In the summer of 1921, a young Ayn Rand saw Moscow for the first time. “I remember standing on a square,” she would later recall. “And it suddenly struck me. . . . ‘How enormous it is, and how many people, and it’s just one city’ . . . . I suddenly had the concrete sense of how many large cities there were in the world—and I had to address all of them. All of those numbers had to hear of me, and of what I was going to say. And the feeling was marvelously solemn.”
Today, on the 107th anniversary of her birth, it’s hard to doubt that the world has indeed heard of Ayn Rand. Her books—including titles like “The Fountainhead” and “The Virtue of Selfishness”—have sold nearly 30 million copies, with sales of her 1,100-page opus, “Atlas Shrugged,” surpassing a million copies in the last three years alone.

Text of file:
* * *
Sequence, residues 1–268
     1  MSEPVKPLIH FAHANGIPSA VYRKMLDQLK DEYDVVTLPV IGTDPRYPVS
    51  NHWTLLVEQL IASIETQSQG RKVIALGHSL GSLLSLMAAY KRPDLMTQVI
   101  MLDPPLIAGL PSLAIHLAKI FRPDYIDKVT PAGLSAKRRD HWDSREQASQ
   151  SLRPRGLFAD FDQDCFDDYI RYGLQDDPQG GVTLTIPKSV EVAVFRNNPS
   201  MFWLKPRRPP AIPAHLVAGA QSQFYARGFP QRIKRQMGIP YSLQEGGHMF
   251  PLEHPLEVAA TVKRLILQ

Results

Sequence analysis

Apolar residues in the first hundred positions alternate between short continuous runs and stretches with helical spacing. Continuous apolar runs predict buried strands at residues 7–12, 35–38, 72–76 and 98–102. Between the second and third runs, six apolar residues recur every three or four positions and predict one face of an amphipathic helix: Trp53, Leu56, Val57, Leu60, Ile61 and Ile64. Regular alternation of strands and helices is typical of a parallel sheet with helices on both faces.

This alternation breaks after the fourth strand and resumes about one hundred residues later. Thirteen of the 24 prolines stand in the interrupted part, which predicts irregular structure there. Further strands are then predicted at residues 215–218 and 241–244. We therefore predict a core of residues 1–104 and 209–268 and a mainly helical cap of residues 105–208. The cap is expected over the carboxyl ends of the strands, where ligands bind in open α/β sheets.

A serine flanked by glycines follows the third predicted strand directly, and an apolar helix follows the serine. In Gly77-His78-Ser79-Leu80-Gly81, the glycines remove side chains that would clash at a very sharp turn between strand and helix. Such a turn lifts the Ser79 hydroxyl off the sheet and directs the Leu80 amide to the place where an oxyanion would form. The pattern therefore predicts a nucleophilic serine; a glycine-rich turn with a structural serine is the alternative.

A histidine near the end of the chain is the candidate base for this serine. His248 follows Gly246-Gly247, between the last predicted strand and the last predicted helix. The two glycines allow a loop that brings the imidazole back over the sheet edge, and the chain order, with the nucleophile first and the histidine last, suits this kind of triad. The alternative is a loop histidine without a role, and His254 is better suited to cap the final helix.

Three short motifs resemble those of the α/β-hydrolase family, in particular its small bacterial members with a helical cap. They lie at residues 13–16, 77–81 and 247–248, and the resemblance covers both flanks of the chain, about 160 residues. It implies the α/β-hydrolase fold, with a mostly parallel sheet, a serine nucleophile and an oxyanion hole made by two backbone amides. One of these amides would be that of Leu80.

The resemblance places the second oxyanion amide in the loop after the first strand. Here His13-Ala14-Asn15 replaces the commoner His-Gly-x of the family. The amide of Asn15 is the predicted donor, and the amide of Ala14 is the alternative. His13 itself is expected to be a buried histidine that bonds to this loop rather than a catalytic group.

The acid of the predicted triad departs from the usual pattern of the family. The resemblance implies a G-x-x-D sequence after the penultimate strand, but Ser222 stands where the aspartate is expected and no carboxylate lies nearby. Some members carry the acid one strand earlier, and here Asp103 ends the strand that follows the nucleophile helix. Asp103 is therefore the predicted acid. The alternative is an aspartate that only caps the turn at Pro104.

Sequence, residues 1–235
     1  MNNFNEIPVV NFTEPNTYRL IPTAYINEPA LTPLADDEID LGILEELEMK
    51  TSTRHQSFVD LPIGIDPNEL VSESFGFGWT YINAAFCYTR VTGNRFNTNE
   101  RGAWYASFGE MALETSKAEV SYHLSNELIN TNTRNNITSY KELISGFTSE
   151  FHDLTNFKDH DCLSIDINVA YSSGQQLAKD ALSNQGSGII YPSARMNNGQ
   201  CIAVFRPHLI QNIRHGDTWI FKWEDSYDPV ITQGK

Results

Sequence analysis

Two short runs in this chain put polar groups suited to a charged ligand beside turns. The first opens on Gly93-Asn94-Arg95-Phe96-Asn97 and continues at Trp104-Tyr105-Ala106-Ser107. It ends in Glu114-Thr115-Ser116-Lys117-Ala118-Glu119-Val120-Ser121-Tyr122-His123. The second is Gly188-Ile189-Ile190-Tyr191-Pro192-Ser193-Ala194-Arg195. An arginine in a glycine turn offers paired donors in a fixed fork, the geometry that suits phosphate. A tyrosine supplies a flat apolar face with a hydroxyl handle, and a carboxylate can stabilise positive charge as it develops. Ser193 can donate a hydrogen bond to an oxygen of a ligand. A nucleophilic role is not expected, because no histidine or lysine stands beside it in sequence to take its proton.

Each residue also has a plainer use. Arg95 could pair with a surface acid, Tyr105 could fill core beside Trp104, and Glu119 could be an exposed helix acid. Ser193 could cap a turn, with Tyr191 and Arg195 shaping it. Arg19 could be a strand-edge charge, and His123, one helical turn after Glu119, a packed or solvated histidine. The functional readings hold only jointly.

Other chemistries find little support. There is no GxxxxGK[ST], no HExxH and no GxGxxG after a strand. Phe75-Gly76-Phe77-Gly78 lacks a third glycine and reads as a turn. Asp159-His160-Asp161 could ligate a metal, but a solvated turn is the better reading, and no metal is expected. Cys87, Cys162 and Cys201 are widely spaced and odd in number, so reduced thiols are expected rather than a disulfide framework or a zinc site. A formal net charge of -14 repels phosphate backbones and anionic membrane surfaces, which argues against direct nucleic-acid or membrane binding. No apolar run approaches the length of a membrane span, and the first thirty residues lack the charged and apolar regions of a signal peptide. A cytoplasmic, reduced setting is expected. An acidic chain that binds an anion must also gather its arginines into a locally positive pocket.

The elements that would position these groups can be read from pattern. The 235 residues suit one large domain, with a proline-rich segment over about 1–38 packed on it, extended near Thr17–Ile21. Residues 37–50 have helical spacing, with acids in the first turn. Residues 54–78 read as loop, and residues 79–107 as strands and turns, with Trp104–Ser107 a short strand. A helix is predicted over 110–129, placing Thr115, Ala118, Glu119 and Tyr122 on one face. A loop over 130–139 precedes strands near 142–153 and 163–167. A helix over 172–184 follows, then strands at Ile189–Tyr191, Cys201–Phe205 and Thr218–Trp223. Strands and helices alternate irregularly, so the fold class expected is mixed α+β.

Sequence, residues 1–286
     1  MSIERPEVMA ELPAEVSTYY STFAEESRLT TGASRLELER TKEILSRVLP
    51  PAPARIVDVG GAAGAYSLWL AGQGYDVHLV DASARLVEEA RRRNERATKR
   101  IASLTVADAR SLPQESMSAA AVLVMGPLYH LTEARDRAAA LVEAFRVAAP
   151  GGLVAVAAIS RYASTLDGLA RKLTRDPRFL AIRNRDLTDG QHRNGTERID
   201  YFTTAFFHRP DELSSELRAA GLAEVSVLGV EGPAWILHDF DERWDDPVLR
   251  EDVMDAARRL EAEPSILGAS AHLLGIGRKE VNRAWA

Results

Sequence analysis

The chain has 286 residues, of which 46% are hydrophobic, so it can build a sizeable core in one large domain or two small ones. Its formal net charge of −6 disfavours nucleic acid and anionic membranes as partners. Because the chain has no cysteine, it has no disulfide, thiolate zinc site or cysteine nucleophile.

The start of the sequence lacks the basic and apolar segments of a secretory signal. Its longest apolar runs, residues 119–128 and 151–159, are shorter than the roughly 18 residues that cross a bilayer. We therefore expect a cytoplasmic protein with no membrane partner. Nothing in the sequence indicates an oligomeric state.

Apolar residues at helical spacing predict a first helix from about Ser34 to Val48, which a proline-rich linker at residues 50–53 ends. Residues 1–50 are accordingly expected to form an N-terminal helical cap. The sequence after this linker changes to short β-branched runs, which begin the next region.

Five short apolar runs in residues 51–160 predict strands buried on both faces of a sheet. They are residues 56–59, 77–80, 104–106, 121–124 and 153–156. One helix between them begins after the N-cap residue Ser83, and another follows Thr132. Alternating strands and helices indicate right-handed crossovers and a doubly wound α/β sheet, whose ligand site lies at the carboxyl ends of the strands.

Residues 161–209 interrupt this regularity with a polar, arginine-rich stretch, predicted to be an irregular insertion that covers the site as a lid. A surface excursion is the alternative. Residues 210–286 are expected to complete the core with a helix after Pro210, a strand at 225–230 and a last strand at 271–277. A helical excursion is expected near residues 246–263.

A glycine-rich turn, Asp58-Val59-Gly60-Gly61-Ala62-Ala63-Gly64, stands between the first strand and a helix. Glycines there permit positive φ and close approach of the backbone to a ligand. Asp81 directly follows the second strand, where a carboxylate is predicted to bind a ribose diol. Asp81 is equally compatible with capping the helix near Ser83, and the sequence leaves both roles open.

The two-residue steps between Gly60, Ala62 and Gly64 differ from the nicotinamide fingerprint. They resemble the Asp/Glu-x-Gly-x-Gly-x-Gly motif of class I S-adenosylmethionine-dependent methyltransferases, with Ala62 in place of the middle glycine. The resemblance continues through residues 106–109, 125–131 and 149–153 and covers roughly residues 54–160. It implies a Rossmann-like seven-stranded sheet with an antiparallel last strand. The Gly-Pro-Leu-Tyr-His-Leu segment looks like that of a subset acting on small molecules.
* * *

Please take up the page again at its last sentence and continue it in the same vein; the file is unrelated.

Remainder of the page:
Rand has clearly inspired millions. But a debate has emerged over the question of Rand’s political influence, with many commentators claiming her ideas have played a key role in shaping the political landscape. As former Maryland Lt. Gov. Kathleen Kennedy Townsend said in 2011, “Ayn Rand has a large and growing influence on American politics.”
But to gauge Rand’s influence, we need to know more about her views than the sound bytes we’re typically offered.